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                                                       Calendar No. 334
105th Congress                                                   Report
                                 SENATE

 2d Session                                                     105-173
_______________________________________________________________________


 
             NEXT GENERATION INTERNET RESEARCH ACT OF 1998
                               __________

                              R E P O R T

                                 OF THE

           COMMITTEE ON COMMERCE, SCIENCE, AND TRANSPORTATION

                                    on

                                S. 1609





                 April 2, 1998.--Ordered to be printed


       SENATE COMMITTEE ON COMMERCE, SCIENCE, AND TRANSPORTATION
                       one hundred fifth congress
                             second session

                     JOHN McCAIN, Arizona, Chairman
TED STEVENS, Alaska                  ERNEST F. HOLLINGS, South Carolina
CONRAD BURNS, Montana                DANIEL K. INOUYE, Hawaii
SLADE GORTON, Washington             WENDELL H. FORD, Kentucky
TRENT LOTT, Mississippi              JOHN D. ROCKEFELLER IV, West 
KAY BAILEY HUTCHISON, Texas              Virginia
OLYMPIA SNOWE, Maine                 JOHN F. KERRY, Massachusetts
JOHN ASHCROFT, Missouri              JOHN B. BREAUX, Louisiana
BILL FRIST, Tennessee                RICHARD H. BRYAN, Nevada
SPENCER ABRAHAM, Michigan            BYRON L. DORGAN, North Dakota
SAM BROWNBACK, Kansas                RON WYDEN, Oregon
                       John Raidt, Staff Director
                       Mark Buse, Policy Director
     Ivan A. Schlager, Democratic Chief Counsel and Staff Director
             James S.W. Drewry, Democratic General Counsel


                                                       Calendar No. 334
105th Congress                                                   Report
                                 SENATE

 2d Session                                                     105-173
_______________________________________________________________________


             NEXT GENERATION INTERNET RESEARCH ACT OF 1998
                                _______
                                

                 April 2, 1998.--Ordered to be printed

                                _______
                                

       Mr. McCain, from the Committee on Commerce, Science, and 
                Transportation, submitted the following

                              R E P O R T

                         [To accompany S. 1609]

    The Committee on Commerce, Science, and Transportation, to 
which was referred the bill (S. 1609) ``A Bill to amend the 
High-Performance Computing Act of 1991 to authorize 
appropriations for fiscal years 1999 and 2000 for the Next 
Generation Internet program, to require the Advisory Committee 
on High-Performance Computing and Communications, Information 
Technology, and the Next Generation Internet to monitor and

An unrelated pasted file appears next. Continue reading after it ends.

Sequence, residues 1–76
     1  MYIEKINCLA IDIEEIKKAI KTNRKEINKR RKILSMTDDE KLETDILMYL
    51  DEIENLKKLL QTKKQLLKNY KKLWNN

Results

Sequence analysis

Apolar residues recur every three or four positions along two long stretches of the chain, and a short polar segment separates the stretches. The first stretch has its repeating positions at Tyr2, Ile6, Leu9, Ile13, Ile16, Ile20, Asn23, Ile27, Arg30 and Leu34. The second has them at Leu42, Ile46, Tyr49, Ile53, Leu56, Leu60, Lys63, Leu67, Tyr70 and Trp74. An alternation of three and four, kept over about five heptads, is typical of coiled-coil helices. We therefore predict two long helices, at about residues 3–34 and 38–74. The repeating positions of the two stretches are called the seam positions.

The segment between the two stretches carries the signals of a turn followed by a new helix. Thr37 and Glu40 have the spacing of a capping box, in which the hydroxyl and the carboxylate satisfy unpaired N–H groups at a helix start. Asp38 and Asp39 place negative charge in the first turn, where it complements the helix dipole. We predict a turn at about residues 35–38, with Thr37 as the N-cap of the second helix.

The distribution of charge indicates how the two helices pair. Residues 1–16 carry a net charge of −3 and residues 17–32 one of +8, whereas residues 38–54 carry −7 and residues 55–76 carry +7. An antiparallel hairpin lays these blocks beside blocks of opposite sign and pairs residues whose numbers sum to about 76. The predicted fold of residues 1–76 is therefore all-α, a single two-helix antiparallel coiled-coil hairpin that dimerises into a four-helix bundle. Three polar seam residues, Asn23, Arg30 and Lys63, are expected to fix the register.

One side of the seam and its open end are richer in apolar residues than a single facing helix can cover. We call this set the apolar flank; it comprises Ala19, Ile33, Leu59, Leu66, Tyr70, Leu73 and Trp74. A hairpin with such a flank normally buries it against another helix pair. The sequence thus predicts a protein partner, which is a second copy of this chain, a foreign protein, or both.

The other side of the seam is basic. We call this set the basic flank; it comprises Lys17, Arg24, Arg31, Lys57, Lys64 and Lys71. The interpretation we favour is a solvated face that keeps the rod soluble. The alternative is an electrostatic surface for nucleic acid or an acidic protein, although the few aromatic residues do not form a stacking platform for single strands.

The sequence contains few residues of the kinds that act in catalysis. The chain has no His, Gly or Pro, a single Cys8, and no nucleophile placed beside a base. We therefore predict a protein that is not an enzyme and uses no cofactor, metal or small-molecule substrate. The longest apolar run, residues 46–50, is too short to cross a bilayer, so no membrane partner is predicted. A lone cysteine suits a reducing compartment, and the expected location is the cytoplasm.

give advice concerning the development and implementation of 
the Next Generation Internet program and report to the 
President and the Congress on its activities, and for other 
purposes'', having considered the same, reports favorably 
thereon without amendment and recommends that the bill do pass.

                          Purpose of the Bill

  The purpose of the bill is to authorize appropriations to the 
following agencies for each of the fiscal years (FY) 1999 and 
2000: Department of Defense (DOD), Department of Energy (DOE), 
National Aeronautics and Space Administration (NASA), National 
Institutes of Health (NIH), National Institute of Standards and 
Technology (NIST), and National Science Foundation (NSF).

                          Background and Needs

  The Internet is an international, cooperative computer 
network of networks that links many types of users, such as 
governments, schools, libraries, corporations, hospitals, 
individuals and others. The United States has achieved national 
strategic advantages and prominence as a result of American 
leadership in information technology. Furthermore, U.S. 
dominance in this field grew from critical federal investment, 
and continued investment is necessary to maintain that 
dominance and leadership. The explosion of business, 
government, and academic uses of the Internet has led to a need 
to overhaul the network infrastructure. Additional research 
must be undertaken in order to develop new applications that 
will improve educational access, while still contributing to 
economic growth.
  Federal efforts to support computer and telecommunications 
applications and education have been strongly endorsed by the 
Clinton Administration since 1993. In October 1996, President 
Clinton called for a renewed resolve to create the Next 
Generation Internet (NGI). However, the Administration's 
proposal was redefined after Congressional concerns were 
raised. Thus, the NGI Implementation Plan was completed in July 
1997. The new proposal identified NGI as a research initiative 
(rather than a deployment initiative) more clearly than in the 
previous plan.
  The NGI implementation plan combined both policy and program